Like the man who slays a son in his father’s presence is he who offers sacrifice from the possessions of the poor.
Some days ago**, Mark Perry decided to provide a short collection of quotes for the sake of providing “some historical perspective” on “what four previous popes had to say about socialism.”
I suppose Perry thought he could help advance the cause of the American Enterprise Institute (AEI) with his short collection of quotes. If, in relation to Perry’s post, AEI seeks to promote the non-existing “democratic capitalism” and not much else, the author didn’t do too bad a job – and should be, perhaps, congratulated.
However, if the purpose of the article truly extended towards providing “some historical perspective” on “what four previous popes had to say about socialism”, with the gracious benefit – though, unmentioned – of sharing Catholic thought and respecting the intellect of one’s readership, then perhaps we should withhold our congratulations.
One may find that, in producing the collection of quotes, Perry aimed at advancing the position of “democratic capitalism” by negating socialism.
With the above considerations in mind, we can readily submit that the American Enterprise Institute is not to be recommended as a teaching source if one’s desire is to learn Catholic thought on capitalism and socialism – unless one desires to learn the ways and extent in which pro-capitalist venues would distort and defile Christian ethics.
Before I comment any further, I must admit that I find the short piece to be very consistent with capitalist thought. These are three reasons why I believe this to be the case:
- the author makes no distinctions – which would be useful for the purpose of providing “some historical perspective” – on what is understood to be “socialism” in the writing of each pope; the lack of distinction is curiously common in pro-capitalist discourse and our author does not disappoint,
- the author offers a quote from Benedict XVI’s Deus Caritas Est that not only fails to mention socialism, but happens to be an encyclical that cites previous work, from another pope, which seeks to correct – as opposed to reject – parts of socialism; the pro-capitalist’s fantasy that papal teaching favors capitalism and rejects socialism requires their consistent failure to engage the teaching in a historical fashion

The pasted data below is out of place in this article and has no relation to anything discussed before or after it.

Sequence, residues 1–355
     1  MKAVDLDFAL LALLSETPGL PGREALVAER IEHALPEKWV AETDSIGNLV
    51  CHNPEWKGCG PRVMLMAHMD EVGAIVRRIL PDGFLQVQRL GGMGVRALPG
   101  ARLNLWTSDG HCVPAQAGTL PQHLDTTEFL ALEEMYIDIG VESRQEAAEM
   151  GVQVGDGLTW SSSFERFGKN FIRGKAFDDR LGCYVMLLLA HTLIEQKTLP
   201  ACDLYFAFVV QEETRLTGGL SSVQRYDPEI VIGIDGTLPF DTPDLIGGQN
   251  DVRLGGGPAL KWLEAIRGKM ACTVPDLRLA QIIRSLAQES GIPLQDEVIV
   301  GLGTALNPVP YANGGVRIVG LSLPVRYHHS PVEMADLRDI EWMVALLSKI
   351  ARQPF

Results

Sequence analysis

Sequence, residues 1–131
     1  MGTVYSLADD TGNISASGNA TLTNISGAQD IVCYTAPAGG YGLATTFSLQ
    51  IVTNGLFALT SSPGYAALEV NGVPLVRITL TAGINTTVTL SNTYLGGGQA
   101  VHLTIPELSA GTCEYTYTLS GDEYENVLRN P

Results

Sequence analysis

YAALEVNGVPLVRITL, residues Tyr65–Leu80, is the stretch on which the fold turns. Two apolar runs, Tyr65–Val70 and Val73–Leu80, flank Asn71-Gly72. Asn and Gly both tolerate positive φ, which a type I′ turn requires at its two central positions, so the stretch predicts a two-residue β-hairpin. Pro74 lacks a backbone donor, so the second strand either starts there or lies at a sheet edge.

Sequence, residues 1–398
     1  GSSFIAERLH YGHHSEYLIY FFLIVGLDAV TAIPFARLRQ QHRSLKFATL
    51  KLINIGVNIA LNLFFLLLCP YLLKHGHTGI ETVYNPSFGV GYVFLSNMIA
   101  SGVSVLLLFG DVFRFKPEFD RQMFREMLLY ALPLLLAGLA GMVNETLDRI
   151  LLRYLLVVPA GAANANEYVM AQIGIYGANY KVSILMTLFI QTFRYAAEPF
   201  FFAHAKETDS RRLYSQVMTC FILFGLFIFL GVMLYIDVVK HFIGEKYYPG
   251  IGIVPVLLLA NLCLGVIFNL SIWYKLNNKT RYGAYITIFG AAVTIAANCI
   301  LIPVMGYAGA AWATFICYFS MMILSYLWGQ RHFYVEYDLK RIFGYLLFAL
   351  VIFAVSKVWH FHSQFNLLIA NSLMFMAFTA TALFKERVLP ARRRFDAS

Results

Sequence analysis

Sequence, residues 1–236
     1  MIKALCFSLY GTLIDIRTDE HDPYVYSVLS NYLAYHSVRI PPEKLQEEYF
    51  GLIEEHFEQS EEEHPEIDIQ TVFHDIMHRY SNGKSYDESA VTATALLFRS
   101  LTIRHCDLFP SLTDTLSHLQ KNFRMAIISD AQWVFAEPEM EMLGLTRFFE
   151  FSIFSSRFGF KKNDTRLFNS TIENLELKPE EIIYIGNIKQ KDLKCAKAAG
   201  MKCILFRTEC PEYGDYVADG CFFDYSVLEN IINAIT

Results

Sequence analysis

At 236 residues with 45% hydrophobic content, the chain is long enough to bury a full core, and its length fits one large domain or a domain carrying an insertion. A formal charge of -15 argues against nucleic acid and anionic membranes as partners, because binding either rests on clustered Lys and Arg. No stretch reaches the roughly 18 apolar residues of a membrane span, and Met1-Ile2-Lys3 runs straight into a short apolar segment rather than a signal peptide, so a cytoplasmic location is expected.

- With reason #1 in mind, we recall the nasty attempt to provide an inauthentic presentation of papal thought with the end of advancing capitalism, by failing in the acknowledgement of distinctions made by the papal Magisterium concerning socialism and refusing to provide any alternative that is not capitalism nor any teaching related to capitalism -understandably negative- from the popes; this is consistent in pro-capitalist efforts, as anyone considering particular merits of a certain socialism would be identified as communists in being: anti-freedom, anti-property, anti-creativity, anti-life, anti-family, anti-enterprise – as if all socialism maintained these positions and as if capitalism actually cared to materialize freedom, property creativity, life, family, and enterprise for all
Let us make no mistake, Dear Friends, in understanding that the rejection of certain systems does not force us to embrace another, as capitalists would let us believe. As the bishops of France once wrote:
… no Catholic should fall into that all too frequently conceived illusion that an unfavorable judgment by the Holy See on one doctrine signifies its approval of the opposing doctrine. By condemning the actions of communist parties, the Church does not support the capitalist regime.
This was from a comment on Pope Pius XI’s Divini Redemptoris, on atheistic communism.
We should should note that the bishops of France, along with Pius XI, do specifically refer to atheistic communism, and not socialism in its various manifestations, then and now. Nevertheless, I would wrong you by not providing what the bishops of France wrote in the the sentence continuing from the quote above:
It is most necessary that it be realized that in the very essence of capitalism-that is to say, in the absolute value that it gives to property without reference to the common good or to the dignity of labor-there is a materialism rejected by Christian teaching.
That said, let us also remember that the Popes spoke before they were elected bishop of Rome. Would it be useful for “historical perspective” to have an insight into what the Popes said before election?
Karol Wojtyla (John Paul II) may have believed, or simply had written down as a note:
The church is aware that the bourgeois mentality and capitalism as a whole, with its materialist spirit, acutely contradict the Gospel.